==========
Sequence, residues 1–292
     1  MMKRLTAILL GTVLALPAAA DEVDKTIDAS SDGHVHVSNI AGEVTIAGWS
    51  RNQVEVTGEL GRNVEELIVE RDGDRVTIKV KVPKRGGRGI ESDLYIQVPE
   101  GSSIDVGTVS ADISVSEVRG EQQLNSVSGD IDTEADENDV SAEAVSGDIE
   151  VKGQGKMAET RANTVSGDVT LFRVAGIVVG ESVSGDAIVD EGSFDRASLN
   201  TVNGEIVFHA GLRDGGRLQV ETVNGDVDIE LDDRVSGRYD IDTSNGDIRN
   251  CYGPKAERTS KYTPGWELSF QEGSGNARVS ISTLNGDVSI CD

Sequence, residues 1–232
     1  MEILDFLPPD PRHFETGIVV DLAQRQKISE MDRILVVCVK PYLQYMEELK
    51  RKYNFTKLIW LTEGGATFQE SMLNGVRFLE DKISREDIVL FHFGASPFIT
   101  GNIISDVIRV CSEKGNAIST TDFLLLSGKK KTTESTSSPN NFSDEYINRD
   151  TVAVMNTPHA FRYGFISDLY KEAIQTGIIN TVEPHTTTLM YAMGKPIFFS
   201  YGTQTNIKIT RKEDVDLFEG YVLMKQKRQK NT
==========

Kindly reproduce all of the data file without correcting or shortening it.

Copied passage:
Sequence, residues 1–292
     1  MMKRLTAILL GTVLALPAAA DEVDKTIDAS SDGHVHVSNI AGEVTIAGWS
    51  RNQVEVTGEL GRNVEELIVE RDGDRVTIKV KVPKRGGRGI ESDLYIQVPE
   101  GSSIDVGTVS ADISVSEVRG EQQLNSVSGD IDTEADENDV SAEAVSGDIE
   151  VKGQGKMAET RANTVSGDVT LFRVAGIVVG ESVSGDAIVD EGSFDRASLN
   201  TVNGEIVFHA GLRDGGRLQV ETVNGDVDIE LDDRVSGRYD IDTSNGDIRN
   251  CYGPKAERTS KYTPGWELSF QEGSGNARVS ISTLNGDVSI CD

Sequence, residues 1–232
     1  MEILDFLPPD PRHFETGIVV DLAQRQKISE MDRILVVCVK PYLQYMEELK
    51  RKYNFTKLIW LTEGGATFQE SMLNGVRFLE DKISREDIVL FHFGASPFIT
   101  GNIISDVIRV CSEKGNAIST TDFLLLSGKK KTTESTSSPN NFSDEYINRD
   151  TVAVMNTPHA FRYGFISDLY KEAIQTGIIN TVEPHTTTLM YAMGKPIFFS
   201  YGTQTNIKIT RKEDVDLFEG YVLMKQKRQK NT